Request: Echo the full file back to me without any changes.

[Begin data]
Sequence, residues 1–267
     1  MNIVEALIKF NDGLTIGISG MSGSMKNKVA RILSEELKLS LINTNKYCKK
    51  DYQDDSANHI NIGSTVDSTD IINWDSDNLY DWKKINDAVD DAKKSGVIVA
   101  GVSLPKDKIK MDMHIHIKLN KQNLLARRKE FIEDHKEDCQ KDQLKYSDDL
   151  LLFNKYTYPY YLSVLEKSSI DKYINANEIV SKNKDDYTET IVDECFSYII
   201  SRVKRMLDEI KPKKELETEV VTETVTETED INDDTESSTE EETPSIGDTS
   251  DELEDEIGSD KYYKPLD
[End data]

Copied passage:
Sequence, residues 1–267
     1  MNIVEALIKF NDGLTIGISG MSGSMKNKVA RILSEELKLS LINTNKYCKK
    51  DYQDDSANHI NIGSTVDSTD IINWDSDNLY DWKKINDAVD DAKKSGVIVA
   101  GVSLPKDKIK MDMHIHIKLN KQNLLARRKE FIEDHKEDCQ KDQLKYSDDL
   151  LLFNKYTYPY YLSVLEKSSI DKYINANEIV SKNKDDYTET IVDECFSYII
   201  SRVKRMLDEI KPKKELETEV VTETVTETED INDDTESSTE EETPSIGDTS
   251  DELEDEIGSD KYYKPLD